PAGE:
Early Data Suggests No Post-Legalization Spike in Drug-Impaired Driving Charges

Article by Amy Smart, CityNews

Early data suggests no post-legalization spike in drug-impaired driving charges BY AMY SMART In this photo illustration, smoke from a cannabis oil vaporizer is seen as the driver is behind the wheel of a car in North Vancouver, B.C., on November 14, 2018. Canadian police say they haven't been busting many more stoned drivers six months after legalization and continue to prioritize investigative resources toward more deadly drugs, but are reminding drivers to keep cannabis out of reach. Jonathan Hayward

Canadian police say they haven’t been busting many more stoned drivers six months after legalization, but they are reminding drivers to keep cannabis out of reach.

The Canadian Press canvassed police forces across the country and most reported no significant change in the number of impaired driving charges laid, while some said it’s too early to release data, and at least one reported a rise in charges.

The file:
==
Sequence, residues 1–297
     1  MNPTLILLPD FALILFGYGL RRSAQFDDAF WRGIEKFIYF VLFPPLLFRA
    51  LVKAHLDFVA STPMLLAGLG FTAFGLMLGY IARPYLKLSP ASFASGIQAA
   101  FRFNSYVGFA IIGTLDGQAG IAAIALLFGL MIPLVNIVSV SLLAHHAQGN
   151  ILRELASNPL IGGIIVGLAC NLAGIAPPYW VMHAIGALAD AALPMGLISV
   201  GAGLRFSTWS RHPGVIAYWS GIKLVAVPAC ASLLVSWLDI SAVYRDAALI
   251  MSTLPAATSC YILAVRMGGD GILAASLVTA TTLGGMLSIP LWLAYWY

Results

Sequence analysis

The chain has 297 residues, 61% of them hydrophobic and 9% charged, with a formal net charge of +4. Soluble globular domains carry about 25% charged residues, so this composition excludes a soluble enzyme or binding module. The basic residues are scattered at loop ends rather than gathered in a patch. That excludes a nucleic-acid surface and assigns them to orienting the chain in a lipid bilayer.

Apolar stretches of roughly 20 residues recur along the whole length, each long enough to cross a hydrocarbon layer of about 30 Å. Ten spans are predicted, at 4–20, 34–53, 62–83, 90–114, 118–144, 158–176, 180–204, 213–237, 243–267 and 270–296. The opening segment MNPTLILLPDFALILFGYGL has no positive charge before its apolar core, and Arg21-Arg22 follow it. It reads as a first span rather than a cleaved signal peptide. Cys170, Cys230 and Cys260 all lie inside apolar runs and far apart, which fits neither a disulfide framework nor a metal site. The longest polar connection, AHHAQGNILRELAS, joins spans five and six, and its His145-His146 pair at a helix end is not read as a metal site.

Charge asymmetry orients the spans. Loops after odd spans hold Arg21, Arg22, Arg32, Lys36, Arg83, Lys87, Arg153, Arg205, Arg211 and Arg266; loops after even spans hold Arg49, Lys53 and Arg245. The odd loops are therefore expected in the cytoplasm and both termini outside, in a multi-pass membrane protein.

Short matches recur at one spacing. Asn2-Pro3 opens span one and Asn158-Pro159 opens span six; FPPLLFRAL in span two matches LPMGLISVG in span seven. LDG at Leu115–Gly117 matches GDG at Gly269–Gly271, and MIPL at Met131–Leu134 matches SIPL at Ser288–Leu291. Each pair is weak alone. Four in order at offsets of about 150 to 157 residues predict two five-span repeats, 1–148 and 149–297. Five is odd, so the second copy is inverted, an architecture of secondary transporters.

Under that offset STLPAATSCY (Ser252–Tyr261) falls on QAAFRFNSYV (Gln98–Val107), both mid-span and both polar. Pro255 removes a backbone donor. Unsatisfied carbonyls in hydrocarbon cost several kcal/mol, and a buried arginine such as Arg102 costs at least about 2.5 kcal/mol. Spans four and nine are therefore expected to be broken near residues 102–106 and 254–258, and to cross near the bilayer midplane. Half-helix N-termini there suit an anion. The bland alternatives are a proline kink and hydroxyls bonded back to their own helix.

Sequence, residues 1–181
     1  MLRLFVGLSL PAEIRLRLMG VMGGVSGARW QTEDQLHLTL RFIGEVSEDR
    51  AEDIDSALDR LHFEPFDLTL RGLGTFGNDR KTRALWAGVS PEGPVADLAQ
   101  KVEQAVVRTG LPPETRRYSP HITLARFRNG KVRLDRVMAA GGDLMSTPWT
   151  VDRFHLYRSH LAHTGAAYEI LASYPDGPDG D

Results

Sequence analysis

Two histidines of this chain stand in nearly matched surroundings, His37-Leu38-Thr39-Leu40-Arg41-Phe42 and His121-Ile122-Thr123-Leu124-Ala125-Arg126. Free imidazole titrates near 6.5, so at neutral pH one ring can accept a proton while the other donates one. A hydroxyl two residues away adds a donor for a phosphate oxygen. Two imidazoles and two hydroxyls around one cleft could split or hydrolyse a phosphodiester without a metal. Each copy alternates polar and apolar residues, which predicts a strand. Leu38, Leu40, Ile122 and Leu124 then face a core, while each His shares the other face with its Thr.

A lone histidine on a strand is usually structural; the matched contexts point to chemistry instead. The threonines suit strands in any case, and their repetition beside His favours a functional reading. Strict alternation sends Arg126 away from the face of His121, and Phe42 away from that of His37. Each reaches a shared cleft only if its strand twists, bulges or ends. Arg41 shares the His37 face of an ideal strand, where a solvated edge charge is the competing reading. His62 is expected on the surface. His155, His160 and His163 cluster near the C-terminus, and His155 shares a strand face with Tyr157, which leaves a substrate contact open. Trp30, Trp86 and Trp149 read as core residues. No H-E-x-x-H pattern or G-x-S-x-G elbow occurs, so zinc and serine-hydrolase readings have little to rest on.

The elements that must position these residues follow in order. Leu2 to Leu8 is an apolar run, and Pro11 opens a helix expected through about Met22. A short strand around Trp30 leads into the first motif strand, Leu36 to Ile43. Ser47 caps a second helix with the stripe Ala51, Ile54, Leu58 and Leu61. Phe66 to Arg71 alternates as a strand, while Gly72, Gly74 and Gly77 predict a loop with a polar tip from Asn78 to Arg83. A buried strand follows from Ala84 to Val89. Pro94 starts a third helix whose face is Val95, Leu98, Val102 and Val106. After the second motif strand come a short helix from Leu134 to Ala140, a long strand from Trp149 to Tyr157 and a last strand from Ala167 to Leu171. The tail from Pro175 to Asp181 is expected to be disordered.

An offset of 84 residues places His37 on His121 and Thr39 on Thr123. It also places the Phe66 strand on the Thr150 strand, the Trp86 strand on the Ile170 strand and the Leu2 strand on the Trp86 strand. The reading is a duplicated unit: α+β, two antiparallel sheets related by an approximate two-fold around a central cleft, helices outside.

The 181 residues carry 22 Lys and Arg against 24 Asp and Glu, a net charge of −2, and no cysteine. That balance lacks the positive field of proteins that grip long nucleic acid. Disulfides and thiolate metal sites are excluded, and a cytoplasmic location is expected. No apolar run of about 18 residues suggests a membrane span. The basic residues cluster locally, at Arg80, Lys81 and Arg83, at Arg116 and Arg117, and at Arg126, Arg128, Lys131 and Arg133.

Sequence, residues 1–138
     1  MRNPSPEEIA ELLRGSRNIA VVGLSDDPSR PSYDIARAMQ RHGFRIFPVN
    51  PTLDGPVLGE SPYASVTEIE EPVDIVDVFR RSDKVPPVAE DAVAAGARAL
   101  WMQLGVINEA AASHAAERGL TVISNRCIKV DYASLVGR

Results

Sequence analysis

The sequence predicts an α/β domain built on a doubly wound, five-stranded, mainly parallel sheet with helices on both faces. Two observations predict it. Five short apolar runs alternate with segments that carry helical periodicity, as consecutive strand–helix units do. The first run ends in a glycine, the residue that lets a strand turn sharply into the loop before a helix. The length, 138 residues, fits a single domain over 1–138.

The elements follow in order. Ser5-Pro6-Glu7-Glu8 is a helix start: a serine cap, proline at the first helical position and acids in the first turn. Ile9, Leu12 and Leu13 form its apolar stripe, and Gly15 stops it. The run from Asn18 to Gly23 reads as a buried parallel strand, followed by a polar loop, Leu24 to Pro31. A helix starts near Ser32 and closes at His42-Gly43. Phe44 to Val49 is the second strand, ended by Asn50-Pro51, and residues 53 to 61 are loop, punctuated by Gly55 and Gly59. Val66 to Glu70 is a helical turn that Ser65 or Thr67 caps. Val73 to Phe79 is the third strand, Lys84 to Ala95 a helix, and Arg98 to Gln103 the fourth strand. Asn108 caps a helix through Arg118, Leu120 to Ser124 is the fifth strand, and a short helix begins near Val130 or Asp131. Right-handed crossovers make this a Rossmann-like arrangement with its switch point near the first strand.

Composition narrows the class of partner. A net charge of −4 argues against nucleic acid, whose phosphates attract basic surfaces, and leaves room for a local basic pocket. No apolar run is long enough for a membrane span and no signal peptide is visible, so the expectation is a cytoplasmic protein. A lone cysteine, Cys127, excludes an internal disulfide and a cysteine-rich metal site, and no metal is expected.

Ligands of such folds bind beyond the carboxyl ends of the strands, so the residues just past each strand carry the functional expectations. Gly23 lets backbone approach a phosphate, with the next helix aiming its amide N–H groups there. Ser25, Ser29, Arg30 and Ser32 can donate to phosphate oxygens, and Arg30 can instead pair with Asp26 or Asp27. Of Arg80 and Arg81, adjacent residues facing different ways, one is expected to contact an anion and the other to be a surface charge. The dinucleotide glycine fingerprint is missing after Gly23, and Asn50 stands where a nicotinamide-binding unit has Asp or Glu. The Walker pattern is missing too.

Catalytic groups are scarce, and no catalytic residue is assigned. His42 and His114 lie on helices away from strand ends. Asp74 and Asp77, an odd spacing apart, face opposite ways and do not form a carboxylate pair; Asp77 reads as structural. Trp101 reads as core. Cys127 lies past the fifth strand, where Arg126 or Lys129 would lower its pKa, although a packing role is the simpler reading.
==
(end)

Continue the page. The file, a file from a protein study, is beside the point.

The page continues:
Dozens of charges have also been laid under the new federal Cannabis Act relating to possession and trafficking but Chief Const. Mike Serr of the Abbotsford Police Department in British Columbia said the number is “not significant at this point.”

Serr, who co-chairs the Canadian Association of Chiefs of Police’s drug advisory committee, said member police departments are prioritizing investigations related to drugs like fentanyl and methamphetamine.

“And we still know that organized crime is still involved in the production of cannabis and selling it to the illicit stores, and we’re still on top of those when they come to our attention,” he said.

“But most police departments are still really focusing on the drugs that we know that are killing people, the opiates and methamphetamines that are causing major concerns across the country.”

One of the more common charges since legalization relates to the storage of cannabis in vehicles. Ontario Provincial Police has recommended 962 charges for driving a car or boat with cannabis readily available, representing the bulk of all charges laid under the province’s cannabis legislation.

Read the full article here.

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